Crum Finally Faces Music


When I get older, losing my hair, many years from now. Will you still be sending me a valentine, birthday greeting, bottle of wine?

No, but sometimes they’ll cut you a check.

Denny Crum turned 64 on Friday and, with administrators leading him by the elbow, gingerly stepped down as Louisville coach after 30 years.

Defiant until days ago, when he shook his fist and vowed things would be different once “the real truth is known,” he quickly shifted into Al Gore-esque concession mode.


“I’m going because I want to,” an emotional Crum said at his news conference.

We read this as: I’d rather stay, but please make the check payable to D. Crum.

It could have been worse. The sordid story of Crum and Athletic Director Tom Jurich might have caught the eye of a “Jerry Springer” producer.

Tomorrow’s show: Athletic directors and the coaches who hate them.

Crum-Jurich had all the civility of a spitball fight, but what’s done is done.

Crum is leaving, effective the end of this season, and Jurich can move toward hiring a successor.

Louisville tried to put a positive spin on Friday’s “retirement” announcement, but you know the parting didn’t go smoothly when the going-away press packet includes a “background statement” which reads in part:

“The president, athletics director and coach regret the public tone of recent days and agree that the primary goal is to move forward. They invite friends and fans of the university to join them.”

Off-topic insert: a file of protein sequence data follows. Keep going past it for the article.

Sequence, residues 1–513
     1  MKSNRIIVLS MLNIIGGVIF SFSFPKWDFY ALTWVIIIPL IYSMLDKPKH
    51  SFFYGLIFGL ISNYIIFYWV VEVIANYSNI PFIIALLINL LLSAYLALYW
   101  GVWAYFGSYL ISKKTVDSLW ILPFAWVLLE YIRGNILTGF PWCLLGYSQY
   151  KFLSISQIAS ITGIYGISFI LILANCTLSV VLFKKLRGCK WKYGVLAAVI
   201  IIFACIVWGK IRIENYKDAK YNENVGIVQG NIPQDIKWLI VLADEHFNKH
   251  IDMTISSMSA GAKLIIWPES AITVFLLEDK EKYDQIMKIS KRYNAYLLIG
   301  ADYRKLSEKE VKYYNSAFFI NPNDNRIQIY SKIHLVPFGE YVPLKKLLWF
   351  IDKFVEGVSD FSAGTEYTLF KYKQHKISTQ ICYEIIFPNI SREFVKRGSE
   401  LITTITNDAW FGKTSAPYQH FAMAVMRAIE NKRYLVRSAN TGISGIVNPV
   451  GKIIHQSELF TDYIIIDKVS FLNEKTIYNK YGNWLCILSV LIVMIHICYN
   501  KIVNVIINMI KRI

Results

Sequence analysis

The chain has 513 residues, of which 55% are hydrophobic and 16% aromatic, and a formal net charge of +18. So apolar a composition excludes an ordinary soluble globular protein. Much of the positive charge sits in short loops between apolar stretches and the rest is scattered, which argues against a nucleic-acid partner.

Crum knew he was up against it at midseason, when Jurich said publicly he couldn’t guarantee Crum would be back next year.

The rest has been bickering, posturing and legal wrangling.

Crum, who had two years left on his contract, was due a buyout of $2 million if his employment ended before June 30, but reports are Crum received much more than that to walk away.


There is no denying Crum leaves as one of the game’s all-time great coaches.

He won two national titles and 674 games, 14th on the career list, and is the only active coach in basketball’s Hall of Fame.

He did more for Louisville athletics than any man who walked through the door, but he has not done it lately.

Crum’s career can be divided into two 15-season parcels. The first 15 produced two national titles and six Final Four appearances. The last 15 seasons produced two NCAA probations, three losing records since 1990 and NCAA tournament first-round exits in 1995, 1999 and 2000.

Louisville is 11-18 this seasons and 61-61 over the last four.

You think Steve Lavin lasts long enough to go 61-61?

Crum must have lost his coaching fastball, or else he wouldn’t be in this fix.

The problem was he kept scheduling like he had Darrell Griffith and it was 1980, when in fact Louisville’s talent base dried up years ago.

It was time for Crum to go and time for Jurich to say so, but the execution left much to be desired.

“It should have never happened like this,” former Louisville player Junior Bridgeman was quoted as saying in one wire report.


Jurich and Crum were both stubborn until the end.

They had a Jan. 25 meeting that reportedly was louder than an episode of “Hardball.”

Last week, internal memos between Crum and Jurich were leaked to an alternative paper in Louisville.

Jurich to Crum: “The thing that is hurting our recruiting is not Tom Jurich, but the performance of our program. . . . To be continually attacked by you for lack of support is appalling.”